Friday, June 30, 2017

Summer Series: Crochet 101 - Part 3

I sincerely apologize for not having this post ready at the beginning of the week.  I really wanted to get it done, but it just didn't happen.  Anyway, this summer I have been sharing one of my favorite crafts with you, CROCHET.  I have been teaching my daughter and I thought I would share on here too.  You can read Part 1 and Part 2 by clicking the highlighted links.
Today I want to show you the basic chain stitch.  It is easy and usually starts every crochet piece.  Take the time to practice the chain stitch over and over because you want a consistent starting chain for your work.  I know this is an easy thing to learn, but trust me it is important.  When I say consistent it means that all of the loops in your chain are approximately the same size and your tension is the same on the chain all the way through.  I think this one is best taught in pictures so here we go:
  1. Start with a slip knot.  You wrap the yarn around your fingers and pull the end that is still attached to the skein/ball of yarn through the hole.  Pull tight until you have a starter loop.

  2. Slide your hook into the starter loop.
  3. Put the yarn that is attached to the skein of yarn over your finger for tension.  There are several different wrapping methods to get tension and you can see from the picture I wrap my yarn around my forefinger.  This is just the method I learned when I started.  I have seen other methods and they all seem to work.  Do what is comfortable for you.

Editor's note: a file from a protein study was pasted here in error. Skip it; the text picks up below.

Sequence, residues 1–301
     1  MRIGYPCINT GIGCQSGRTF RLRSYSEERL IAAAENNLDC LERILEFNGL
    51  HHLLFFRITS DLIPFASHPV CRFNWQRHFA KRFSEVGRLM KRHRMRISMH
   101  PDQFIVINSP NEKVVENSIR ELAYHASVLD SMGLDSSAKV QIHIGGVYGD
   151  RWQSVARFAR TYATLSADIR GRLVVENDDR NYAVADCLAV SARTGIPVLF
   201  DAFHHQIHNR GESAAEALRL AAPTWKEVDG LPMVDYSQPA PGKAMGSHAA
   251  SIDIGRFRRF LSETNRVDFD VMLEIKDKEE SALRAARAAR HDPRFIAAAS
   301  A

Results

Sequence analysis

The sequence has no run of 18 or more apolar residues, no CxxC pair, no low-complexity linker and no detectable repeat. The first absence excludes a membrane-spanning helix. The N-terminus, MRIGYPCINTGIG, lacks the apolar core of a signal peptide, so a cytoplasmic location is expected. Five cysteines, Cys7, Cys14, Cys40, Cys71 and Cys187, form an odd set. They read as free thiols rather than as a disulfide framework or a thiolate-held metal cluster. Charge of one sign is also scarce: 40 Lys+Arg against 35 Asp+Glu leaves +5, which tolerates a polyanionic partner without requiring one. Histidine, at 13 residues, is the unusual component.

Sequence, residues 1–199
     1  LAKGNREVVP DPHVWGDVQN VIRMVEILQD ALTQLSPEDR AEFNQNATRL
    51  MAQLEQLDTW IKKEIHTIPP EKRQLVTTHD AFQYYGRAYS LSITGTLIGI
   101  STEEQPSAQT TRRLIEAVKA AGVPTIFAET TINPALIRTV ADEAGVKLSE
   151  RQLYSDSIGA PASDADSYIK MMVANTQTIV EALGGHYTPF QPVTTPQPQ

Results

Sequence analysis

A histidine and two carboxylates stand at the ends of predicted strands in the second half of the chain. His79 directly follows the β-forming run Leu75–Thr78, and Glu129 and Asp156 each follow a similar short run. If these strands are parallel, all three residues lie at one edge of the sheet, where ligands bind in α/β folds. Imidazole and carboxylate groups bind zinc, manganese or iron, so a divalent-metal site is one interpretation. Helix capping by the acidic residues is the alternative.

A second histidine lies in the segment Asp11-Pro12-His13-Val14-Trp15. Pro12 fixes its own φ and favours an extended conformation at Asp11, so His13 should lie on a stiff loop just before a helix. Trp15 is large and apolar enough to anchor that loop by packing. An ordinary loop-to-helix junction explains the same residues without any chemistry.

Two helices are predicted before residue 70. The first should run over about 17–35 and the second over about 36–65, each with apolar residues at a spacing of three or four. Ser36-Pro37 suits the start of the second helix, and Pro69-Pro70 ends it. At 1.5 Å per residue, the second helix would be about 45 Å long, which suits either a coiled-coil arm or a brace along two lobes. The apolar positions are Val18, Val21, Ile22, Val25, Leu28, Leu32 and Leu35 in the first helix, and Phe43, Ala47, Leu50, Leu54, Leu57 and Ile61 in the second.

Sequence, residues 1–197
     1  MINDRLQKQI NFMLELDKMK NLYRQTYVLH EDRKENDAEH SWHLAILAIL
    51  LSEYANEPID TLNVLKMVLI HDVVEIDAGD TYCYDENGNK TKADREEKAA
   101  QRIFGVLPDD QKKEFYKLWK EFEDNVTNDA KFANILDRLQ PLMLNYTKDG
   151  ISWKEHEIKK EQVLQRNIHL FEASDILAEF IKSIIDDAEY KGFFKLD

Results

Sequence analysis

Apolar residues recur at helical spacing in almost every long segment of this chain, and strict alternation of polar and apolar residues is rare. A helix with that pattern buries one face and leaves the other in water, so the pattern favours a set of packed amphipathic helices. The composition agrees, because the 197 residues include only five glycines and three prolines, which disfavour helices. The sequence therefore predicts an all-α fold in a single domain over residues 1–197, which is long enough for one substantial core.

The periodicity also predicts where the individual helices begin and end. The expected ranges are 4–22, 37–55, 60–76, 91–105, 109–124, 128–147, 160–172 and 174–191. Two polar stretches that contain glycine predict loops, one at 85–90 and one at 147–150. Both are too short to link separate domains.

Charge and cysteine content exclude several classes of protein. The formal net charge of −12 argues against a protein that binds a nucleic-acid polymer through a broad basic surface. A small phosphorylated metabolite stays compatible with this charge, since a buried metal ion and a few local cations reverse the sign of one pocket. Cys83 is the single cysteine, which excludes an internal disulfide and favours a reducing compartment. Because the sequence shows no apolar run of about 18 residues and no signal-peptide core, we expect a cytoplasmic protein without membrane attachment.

4. Grab the yarn that goes over your finger with your hook - this is called YARN OVER (YO).
  5. Pull the yarn on the hook through the loop that is already on the hook gently.  Your original loop that was on the hook when you started is now your first chain stitch and you have a new loop on your hook. 
  6. Yarn over (YO) again and pull it through the new loop on the hook.  It adds another stitch to your chain.  Repeat until you get the desired number of stitches in your starting chain.  
The picture below is what your chain will look like with a lot of stitches in it.  This chain has 13 stitches in it.  There are 5 pink stitches, 5 orange stitches, and 3 yellow stitches.  You typically do not count the loop that is still on the hook unless a pattern specifically tells you to.  Notice that my stitches in my chain all look about the same size and have the same tension or tightness.  This has taken me a lot of practice with chaining.  I will tell you that when I get new yarn or use a different hook, it is not unusual that I have to chain it a few times and then rip it out and start again to get my starter chain consistent.  

The picture below is the "back side" of the chain and this is where our stitches for the next row will go in.  This way you will see the pretty front side of the the chain as a finished edge to your work.

If you are just learning to crochet, take the time to practice a starting chain.  Make one and then rip it out and make another one.  It seems really boring and tedious, but in the long run it is very helpful because before you know it you will be able to make a pretty, consistent chain the first time every time.  If you think chains are boring, think again.  There are some beautiful scarves, headbands, and bracelets you can make with just a starter chain.  

Do you have any questions?  I would love to help you out and answer any questions you have.  What kinds of things would you like to be able to crochet?

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